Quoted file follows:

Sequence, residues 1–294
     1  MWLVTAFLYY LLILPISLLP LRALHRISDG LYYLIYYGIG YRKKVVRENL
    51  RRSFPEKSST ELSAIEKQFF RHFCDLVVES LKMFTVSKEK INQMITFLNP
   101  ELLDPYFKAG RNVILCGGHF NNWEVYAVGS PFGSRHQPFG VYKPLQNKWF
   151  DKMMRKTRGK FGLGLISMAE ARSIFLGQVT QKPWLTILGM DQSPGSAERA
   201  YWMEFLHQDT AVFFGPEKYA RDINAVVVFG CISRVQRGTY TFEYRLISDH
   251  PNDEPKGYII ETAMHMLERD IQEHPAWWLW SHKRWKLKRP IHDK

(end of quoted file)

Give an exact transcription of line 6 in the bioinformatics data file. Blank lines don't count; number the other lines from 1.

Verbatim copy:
   201  YWMEFLHQDT AVFFGPEKYA RDINAVVVFG CISRVQRGTY TFEYRLISDH